Neither omega-3s, nor vitamin D, reduce major CVD events in primary prevention cohort
AHA 2018 – Chicago, IL, USA
The VITamin D and OmegA-3 TriaL (VITAL): Principal Results for Vitamin D and Omega-3 Fatty Acid Supplementation in the Primary Prevention of Cardiovascular Disease & Cancer
Presented at the AHA congress 2018 by: JoAnn E Manson (Boston, MA, USA)
Introduction and methods
The VITAL trial was the first large-scale trial of fish oil in primary prevention, and one of the largest trials on vitamin D. It randomized over 25,000 initially healthy men and women (men ≥50 years old, women ≥55 years old) to vitamin D3 (2000 IU/d) or placebo. Within these groups, participants were further divided into receiving EPA+DHA (1gm/d, 1.3:1 ratio) or placebo. The median treatment period was 5.3 years. Over 5,000 African-Americans were included.
The primary aim of VITAL was to test whether vitamin D3 and/or omega-3 fatty acids reduce the risk of major CVD events (composite of MI, stroke, CVD death) and/or total invasive cancer. Moreover, secondary aims included testing whether these agents lower risk of MI/stroke/CVD death/PCI/CABG and/or individual components of the primary CVD outcome.
Omega-3 fatty acid results
- The primary composite outcome was not affected significantly by omega-3 supplementation (omega-3s) (386 events/12,933 participants vs. 419/12,938, HR: 0.92, 95%CI: 0.80-1.06).
- The secondary outcome of total MI was significantly reduced in the group treated with omega-3s (145/12,933 vs. 200/12,938, HR: 0.72, 95%CI: 0.59-0.90).
- Statistically significant reductions in other vascular outcomes were seen for PCI (HR: 0.78, 95%CI: 0.63-0.95), total CHD (HR: 0.83, 95%CI: 0.71-0.97) and fatal MI (HR: 0.50, 95%CI: 0.26-0.97).
- When excluding the first 2 years of follow-up to study latency, major CVD events were not significantly reduced (269/12,933 vs. 301/12,938, HR: 0.89, 95%CI: 0.76-1.05), but total MI was (94/12,933 vs 131/12,938, HR: 0.72, 95%CI: 0.55-0.93).
- In participants with lower than the median of fish consumption (<1.5 servings per week), the risk of CVD events was significantly reduced in those taking omega-3s (HR: 0.81, 95%CI: 0.67-0.98), but not in those with at least the median fish intake (HR: 1.08, 95%CI: 0.88-1.32).
- Subgroup analyses showed a strongly reduced risk of total MI in African Americans (HR: 0.23, 95%CI: 0.11-0.47), but no significantly different effect in non-Hispanic whites or other races.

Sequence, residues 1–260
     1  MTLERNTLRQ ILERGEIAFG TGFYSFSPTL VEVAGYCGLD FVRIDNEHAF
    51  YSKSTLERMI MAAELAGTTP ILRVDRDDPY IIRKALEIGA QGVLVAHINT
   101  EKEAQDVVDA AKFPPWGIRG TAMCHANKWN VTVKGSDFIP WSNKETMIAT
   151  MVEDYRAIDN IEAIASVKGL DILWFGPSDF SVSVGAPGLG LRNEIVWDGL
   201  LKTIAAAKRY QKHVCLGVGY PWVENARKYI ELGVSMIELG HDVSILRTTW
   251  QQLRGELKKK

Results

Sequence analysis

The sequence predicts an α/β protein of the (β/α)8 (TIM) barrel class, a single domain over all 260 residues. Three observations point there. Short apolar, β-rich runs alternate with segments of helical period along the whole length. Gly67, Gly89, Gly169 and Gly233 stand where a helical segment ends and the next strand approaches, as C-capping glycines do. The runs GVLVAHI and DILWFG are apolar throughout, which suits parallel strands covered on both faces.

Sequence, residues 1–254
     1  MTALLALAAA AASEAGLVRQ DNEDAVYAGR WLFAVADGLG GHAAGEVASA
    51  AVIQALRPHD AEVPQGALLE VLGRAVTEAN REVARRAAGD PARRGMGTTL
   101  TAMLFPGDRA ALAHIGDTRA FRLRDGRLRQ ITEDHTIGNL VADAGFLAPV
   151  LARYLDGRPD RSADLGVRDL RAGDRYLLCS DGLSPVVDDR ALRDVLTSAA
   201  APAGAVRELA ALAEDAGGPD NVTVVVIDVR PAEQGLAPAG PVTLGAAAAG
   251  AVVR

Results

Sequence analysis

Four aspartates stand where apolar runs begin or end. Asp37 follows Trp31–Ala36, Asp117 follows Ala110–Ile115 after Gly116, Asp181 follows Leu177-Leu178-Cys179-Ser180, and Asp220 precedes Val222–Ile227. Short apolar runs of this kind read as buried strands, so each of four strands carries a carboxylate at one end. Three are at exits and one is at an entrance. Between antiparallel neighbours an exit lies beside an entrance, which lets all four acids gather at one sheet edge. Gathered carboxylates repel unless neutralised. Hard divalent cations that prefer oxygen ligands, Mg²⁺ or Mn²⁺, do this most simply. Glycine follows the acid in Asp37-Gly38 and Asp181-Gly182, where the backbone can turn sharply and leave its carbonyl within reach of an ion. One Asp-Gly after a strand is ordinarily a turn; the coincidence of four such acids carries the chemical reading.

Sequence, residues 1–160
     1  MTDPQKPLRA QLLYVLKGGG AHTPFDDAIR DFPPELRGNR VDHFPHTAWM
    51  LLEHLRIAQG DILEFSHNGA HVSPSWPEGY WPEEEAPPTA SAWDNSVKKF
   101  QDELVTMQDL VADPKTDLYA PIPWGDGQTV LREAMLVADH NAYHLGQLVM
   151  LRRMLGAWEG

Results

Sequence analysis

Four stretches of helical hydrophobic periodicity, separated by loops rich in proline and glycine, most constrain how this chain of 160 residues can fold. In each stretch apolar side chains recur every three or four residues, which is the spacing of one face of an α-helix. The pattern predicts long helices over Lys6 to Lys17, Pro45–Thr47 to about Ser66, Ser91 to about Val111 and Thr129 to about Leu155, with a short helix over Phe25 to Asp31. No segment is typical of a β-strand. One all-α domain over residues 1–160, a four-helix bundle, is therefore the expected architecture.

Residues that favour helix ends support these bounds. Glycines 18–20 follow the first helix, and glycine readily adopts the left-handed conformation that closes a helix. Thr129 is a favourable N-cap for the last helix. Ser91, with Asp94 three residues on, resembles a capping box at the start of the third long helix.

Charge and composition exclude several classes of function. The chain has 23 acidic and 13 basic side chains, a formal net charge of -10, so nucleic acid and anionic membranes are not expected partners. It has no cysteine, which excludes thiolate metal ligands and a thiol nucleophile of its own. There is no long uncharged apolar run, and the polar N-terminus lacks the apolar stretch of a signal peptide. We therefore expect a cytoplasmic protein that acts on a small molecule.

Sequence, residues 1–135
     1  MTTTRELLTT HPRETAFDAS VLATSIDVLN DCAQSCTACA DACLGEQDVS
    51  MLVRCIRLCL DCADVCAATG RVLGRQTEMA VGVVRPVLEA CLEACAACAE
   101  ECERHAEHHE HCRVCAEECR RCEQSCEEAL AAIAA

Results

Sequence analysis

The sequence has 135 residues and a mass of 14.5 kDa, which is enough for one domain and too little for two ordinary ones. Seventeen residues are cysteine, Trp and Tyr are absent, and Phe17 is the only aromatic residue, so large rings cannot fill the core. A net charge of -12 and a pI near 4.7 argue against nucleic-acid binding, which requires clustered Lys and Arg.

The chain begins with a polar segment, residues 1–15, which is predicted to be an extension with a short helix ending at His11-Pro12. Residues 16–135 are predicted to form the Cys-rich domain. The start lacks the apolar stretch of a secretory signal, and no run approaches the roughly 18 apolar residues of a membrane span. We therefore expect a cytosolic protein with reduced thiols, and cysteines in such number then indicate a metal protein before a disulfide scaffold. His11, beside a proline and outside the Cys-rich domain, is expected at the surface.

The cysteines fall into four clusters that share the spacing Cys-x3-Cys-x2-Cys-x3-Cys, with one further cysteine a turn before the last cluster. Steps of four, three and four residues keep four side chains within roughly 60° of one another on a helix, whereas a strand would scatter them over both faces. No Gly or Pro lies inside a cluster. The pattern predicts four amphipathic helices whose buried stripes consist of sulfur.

- No significant effects of omega-3s on total invasive cancer (HR: 1.03), cancer death (HR: 0.97) or all-cause mortality (HR: 1.02), nor when the first 2 years of follow-up were excluded.
Vitamin D results
- No significant effects of vitamin D assignment on CVD outcomes were seen.
- No significant interactions with the relation between vitamin D and major CVD events was seen for baseline serum 25(OH) levels (< or ≥20 ng/mL or < or ≥cohort median), or omega-3s randomization status.
- Only in the latency analysis excluding the first 2 years of follow-up, vitamin D use was associated with a statistically significantly lower risk of cancer death (112/12,927 vs. 149/12,944, HR: 0.75, 95%CI: 0.59-0.96, nominal P-value 0.024), but total invasive cancer (HR: 0.94) and all-cause mortality (HR: 0.96) were not significantly affected.
Dr. Manson concluded that neither omega-3s, nor vitamin D, significantly reduced the primary endpoints of major CVD events or total invasive cancer. Omega-3s lowered total MI by 28%, particularly in those with low dietary fish intake and in African Americans. Other events that were reduced included PCI, fatal MI and total CHD (MI, coronary revascularization and CHD death).
During the press conference, Jane Armitage commented on the VITAL study, which she considered a well-conducted trial. It was a large randomized trial, with an ethnically diverse population and enough women included. Adherence to the assigned supplements was good, and follow-up for mortality was almost complete.
With regard to vitamin D; while observational data had suggested a relation between vitamin D levels and (vascular) death, it was unknown whether this was causal. The VITAL trial represented a good test of the null hypothesis, providing a robust null result. Concerning omega-3, earlier studies had also suggested an effect, but a recent meta-analysis did not shown a benefit. The VITAL yielded important results, in that there is no effect on major CVD events. Dr. Armitage stressed that we should be careful when looking at secondary results, and even other outcomes; there is a risk of spurious results.
A robust conclusion that can be drawn is that the supplementations were not found to be beneficial for the primary outcomes. The other results are less robust and thus only hypothesis-generating.
- Our reporting is based on the information provided at the AHA Scientific Sessions -
Watch our video about different effects of different fish oil compounds